providing insights for todays HVAC system designer

Figure 5. Centrifugal chiller power increase

40.0 power increase, % kW/ton compressor change

32 (81.3) 31 (78.7) impeller diameter, in. (cm)

30.0 30 (76.2) 20.0 29 (73.7) 28 (71.1) 10.0 27 (68.6) 0.0 85 (29.4) 89 (31.7) 93 (33.9) 97 (36.1) 87 (30.6) 91 (32.8) 95 (35.0) 99 (37.2) condenser entering-water temperature, F (C) % kW/ton increase impeller diameter 26 (66.0)

So, to avoid surge conditions centrifugal-chiller heat-recovery capacity should be controlled using the condenser entering-water temperature. This leads us to a discussion on system controls.

depending on the compressor technology. Heat-recovery control for positive-displacement compressors (screw or scroll) may be based on either entering- or leaving- condenser water temperature. Heat-recovery control for centrifugal compressors should be based on condenser entering-water temperature. Constant Condenser Entering-WaterTemperature Control. Figure 6 shows a single-bundle condenser using a heat exchanger to separate the tower water

Heat Recovery System Controls


Due to the differences in unloading, heat-recovery system controls differ

Figure 6. Single-bundle entering-water-temperature control


cooling tower T1 controller V2

heating loads

V1 controller heat exchanger cooling-tower pump T2 condenser-water pump condenser

chilled-water pump

evaporator

cooling loads

Trane Engineers Newsletter volume 361

from the heating loop. The task of the control system is to maintain the condenser entering-water temperature. The diverting valve in the cooling-tower loop (V2) and the cooling-tower fan modulate to maintain the condenser entering-water temperature (T2). Another valve (V1) is controlled by the water temperature coming from the heating loads (T1). An auxiliary heat source may be required if the condenser leaving-water temperature is not high enough. Dual-Condenser Entering-Water Control. A variation of this condenser entering-water temperature control can be used for dual-condenser centrifugalcompressor chillers. In this case (Figure 7), the controlling temperature sensor is at the inlet of the heatrecovery condenser (T2). Many heatrecovery systems use this configuration because it separates the heating loop from the tower loop and requires only simple, understandable controls to function properly. Constant Condenser Leaving-WaterTemperature Control. A variation of this control (Figure 8) can be used for chillers that can tolerate a constant condenser leaving-water temperature. This is primarily applicable to positivedisplacement chillers, however, centrifugal chillers may be controlled in this manner, if care is taken to avoid surge conditions. This strategy attempts to load the chiller sufficiently to maintain the desired condenser leaving-water temperature. Using this control method, the primary function of the chiller is to satisfy the heating load; a secondary by-product is the chilled water that is produced. This is often referred to as "heat-pump" mode. The chiller is most often piped in a sidestream position (discussed later) because the chilled-water temperature (T3) varies. In summary, centrifugal heat-recovery chillers should be controlled using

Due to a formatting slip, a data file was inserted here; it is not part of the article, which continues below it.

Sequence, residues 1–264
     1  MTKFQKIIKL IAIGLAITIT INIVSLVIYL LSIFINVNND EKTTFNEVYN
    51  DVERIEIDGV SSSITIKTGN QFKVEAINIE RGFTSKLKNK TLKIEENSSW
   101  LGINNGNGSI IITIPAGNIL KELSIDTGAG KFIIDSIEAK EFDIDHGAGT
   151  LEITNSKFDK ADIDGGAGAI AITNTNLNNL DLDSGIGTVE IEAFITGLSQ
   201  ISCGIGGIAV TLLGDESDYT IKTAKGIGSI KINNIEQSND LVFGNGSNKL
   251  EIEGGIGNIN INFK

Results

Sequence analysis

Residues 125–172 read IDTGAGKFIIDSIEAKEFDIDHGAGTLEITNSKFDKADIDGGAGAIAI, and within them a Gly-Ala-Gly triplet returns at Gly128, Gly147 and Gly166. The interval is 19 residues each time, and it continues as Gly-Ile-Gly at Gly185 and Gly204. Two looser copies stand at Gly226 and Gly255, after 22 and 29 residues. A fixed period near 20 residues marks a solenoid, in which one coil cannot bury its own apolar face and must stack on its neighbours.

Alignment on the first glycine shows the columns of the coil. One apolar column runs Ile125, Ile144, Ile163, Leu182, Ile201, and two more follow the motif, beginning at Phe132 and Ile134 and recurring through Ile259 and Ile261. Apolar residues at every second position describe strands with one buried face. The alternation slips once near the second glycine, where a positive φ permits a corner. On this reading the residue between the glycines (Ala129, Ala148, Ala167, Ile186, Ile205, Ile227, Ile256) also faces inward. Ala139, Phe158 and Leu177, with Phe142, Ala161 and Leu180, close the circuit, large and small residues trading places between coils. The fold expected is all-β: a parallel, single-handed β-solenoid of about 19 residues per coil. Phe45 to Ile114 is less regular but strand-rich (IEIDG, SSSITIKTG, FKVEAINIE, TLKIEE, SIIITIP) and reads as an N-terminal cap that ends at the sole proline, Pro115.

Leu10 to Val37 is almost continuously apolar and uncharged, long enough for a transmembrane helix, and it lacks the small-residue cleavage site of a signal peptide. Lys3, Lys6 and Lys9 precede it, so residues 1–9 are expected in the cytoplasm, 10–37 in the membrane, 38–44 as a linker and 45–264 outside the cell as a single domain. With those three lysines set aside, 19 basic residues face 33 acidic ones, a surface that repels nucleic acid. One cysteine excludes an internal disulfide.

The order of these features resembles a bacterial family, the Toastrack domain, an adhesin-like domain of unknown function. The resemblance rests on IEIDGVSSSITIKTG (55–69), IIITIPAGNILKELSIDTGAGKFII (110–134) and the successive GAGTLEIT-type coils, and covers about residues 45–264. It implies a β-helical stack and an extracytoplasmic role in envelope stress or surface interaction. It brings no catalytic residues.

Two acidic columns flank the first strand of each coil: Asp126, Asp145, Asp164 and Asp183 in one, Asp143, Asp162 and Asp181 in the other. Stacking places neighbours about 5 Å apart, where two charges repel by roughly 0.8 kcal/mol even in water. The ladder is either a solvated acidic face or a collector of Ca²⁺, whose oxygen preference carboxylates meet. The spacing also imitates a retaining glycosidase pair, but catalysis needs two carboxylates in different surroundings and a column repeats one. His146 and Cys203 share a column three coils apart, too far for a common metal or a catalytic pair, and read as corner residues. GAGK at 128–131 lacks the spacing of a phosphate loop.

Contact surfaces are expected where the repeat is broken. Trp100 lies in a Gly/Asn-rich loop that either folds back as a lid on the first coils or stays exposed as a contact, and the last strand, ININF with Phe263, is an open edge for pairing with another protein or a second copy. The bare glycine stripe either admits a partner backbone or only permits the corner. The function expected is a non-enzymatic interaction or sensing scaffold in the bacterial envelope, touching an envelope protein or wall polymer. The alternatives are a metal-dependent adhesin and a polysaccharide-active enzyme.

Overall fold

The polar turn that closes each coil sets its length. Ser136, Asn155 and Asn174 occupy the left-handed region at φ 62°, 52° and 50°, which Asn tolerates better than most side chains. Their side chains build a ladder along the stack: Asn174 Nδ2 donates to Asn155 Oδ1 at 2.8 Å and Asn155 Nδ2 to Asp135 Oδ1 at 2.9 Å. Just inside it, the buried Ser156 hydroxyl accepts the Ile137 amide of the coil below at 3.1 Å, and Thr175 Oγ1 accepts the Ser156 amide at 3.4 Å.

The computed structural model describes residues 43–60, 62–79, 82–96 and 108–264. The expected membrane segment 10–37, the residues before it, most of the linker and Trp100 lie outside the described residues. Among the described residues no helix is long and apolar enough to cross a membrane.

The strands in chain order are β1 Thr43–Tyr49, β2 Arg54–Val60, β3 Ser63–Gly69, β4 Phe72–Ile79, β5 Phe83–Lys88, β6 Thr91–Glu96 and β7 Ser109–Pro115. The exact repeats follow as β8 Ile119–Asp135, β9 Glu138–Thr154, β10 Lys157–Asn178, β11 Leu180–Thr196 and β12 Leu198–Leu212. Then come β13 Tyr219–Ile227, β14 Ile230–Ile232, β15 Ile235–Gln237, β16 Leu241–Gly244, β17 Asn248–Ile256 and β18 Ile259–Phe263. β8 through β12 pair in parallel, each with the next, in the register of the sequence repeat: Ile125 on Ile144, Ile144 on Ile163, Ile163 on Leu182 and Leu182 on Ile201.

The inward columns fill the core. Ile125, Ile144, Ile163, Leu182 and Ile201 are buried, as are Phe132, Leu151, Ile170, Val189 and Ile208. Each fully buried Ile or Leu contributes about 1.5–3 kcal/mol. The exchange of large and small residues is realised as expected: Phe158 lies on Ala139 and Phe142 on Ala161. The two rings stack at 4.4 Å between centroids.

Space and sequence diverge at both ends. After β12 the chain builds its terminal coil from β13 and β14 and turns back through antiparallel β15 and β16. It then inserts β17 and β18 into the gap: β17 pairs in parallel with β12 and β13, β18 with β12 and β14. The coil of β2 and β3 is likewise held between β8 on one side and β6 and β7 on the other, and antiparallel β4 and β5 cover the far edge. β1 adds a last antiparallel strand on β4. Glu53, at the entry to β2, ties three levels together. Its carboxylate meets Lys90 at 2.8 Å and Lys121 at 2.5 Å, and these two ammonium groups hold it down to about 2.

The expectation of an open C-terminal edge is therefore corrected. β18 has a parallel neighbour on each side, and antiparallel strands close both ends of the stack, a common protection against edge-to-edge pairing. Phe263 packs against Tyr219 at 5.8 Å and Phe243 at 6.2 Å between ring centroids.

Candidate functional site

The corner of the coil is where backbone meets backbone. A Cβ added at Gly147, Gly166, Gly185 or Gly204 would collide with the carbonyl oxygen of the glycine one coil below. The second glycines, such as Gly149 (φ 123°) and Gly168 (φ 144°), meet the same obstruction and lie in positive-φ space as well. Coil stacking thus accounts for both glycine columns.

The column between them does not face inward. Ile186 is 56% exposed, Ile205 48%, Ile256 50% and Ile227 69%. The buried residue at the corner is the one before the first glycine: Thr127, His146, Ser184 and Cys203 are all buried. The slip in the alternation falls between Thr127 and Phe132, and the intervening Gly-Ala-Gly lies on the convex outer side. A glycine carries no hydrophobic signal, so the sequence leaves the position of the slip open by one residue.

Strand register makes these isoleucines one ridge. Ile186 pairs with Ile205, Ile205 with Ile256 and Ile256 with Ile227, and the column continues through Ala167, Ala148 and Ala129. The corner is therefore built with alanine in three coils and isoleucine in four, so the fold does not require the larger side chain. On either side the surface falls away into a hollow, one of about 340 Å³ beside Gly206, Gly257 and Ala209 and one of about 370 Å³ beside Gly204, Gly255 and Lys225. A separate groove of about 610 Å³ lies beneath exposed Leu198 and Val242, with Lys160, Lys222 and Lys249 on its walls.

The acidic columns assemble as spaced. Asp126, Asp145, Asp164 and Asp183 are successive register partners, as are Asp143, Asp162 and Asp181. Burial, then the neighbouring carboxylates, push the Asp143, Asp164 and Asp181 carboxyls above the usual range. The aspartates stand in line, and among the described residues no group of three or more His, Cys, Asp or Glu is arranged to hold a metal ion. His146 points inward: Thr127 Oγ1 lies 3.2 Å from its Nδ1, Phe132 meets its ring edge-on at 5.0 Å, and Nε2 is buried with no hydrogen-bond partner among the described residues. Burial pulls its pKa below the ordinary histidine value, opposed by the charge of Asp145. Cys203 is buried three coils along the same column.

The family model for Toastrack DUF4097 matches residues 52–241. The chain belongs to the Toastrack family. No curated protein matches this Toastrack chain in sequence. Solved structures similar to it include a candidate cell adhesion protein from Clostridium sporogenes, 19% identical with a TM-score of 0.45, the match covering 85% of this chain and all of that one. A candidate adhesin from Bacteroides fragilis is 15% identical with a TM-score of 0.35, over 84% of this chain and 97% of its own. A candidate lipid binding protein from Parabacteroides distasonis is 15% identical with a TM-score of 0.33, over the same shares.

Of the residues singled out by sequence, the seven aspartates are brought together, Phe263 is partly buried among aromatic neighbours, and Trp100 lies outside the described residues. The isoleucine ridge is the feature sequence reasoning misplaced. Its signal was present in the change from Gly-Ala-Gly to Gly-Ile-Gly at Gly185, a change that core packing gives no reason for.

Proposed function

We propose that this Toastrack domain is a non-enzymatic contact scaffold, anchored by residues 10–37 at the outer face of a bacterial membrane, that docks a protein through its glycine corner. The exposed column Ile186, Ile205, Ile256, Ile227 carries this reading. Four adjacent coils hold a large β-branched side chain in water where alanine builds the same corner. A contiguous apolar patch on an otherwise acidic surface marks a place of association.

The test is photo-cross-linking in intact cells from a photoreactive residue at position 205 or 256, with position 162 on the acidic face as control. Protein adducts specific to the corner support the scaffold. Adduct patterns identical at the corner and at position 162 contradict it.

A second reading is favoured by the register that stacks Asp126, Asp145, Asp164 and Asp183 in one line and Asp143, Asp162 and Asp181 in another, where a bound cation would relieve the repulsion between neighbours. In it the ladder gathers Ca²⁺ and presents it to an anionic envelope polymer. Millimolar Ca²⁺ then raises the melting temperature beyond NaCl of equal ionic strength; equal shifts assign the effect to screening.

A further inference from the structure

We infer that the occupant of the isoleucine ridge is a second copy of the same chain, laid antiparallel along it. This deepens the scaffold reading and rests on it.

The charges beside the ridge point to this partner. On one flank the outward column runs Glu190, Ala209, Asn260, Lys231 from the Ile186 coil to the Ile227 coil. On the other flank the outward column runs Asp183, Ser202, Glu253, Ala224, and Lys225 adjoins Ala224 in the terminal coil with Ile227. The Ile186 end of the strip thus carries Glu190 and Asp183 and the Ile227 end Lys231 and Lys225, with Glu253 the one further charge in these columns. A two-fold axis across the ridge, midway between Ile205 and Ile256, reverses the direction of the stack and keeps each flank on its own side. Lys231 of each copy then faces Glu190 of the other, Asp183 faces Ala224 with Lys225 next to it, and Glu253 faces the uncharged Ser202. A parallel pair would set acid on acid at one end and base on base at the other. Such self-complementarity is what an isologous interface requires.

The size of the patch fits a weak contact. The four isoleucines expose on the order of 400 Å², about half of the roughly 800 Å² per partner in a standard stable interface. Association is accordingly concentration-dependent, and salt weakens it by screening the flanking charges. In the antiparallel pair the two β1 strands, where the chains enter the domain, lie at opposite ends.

Figure 7. Dual-condenser entering-water-temperature control


cooling tower V2 controller

heat-recovery pump

auxiliary heat source

T1

cooling condenser

heat-recovery condenser T2

heating loads

condenser-water pump evaporator

chilled-water pump

cooling loads

condenser entering-water temperature. If the system can withstand elevated chilled-water temperature, centrifugal chillers may be controlled using heat-recovery condenser leaving-water temperature. Positive-displacement chillers can be controlled using either condenser entering- or leaving-water temperature.

Chilled Water System Configurations


Only two system configurations, preferential and sidestream, are covered in this newsletter, since they are used most often in heat-recovery applications. Other configurations are covered in the Trane applications manual, Waterside Heat-Recovery in HVAC Systems.[7]

Figure 8. Single-bundle leaving-water-temperature control


cooling tower T1 controller V2 T4 V1 controller heat exchanger cooling-tower pump T2 condenser-water pump condenser

heating loads controller

chilled-water pump

evaporator T3

cooling loads

Trane Engineers Newsletter volume 361

providing insights for todays HVAC system designer

Preferential. When a chiller is located on the load side of the bypass line in a primary-secondary system, it is loaded preferentially because it always receives the warmest return-water temperature (Figure 9). Therefore, when operating, it rejects as much heat as possible. A chiller piped in this location also adds to the chiller-plant flow rate and does not reduce the return-water temperature to other chillers. If the system supply-water temperature is maintained, the chiller may reject more heat than can be used by the heating load. If multiple heat-recovery chillers are used, proper sequencing can help avoid surge and ensure high heatrecovery condenser leaving-water temperature. The concept is to fully load a cooling-only chiller prior to enabling a heat-recovery chiller. Once enabled, the heat-recovery chiller is loaded at full capacity and therefore much less susceptible to surge. It is also able to produce near-design, heatrecovery condenser leaving-water temperature. If the heat-recovery chiller can tolerate variable evaporator water flow, a variable-speed drive may be installed on its chilled-water pump. The pump can be controlled to maintain the desired heat-recovery water temperature. When in the preferentialloading position, this allows the chiller to meet the heat-recovery load, maintain the cooling system supplywater temperature, and not reject heat to the cooling tower.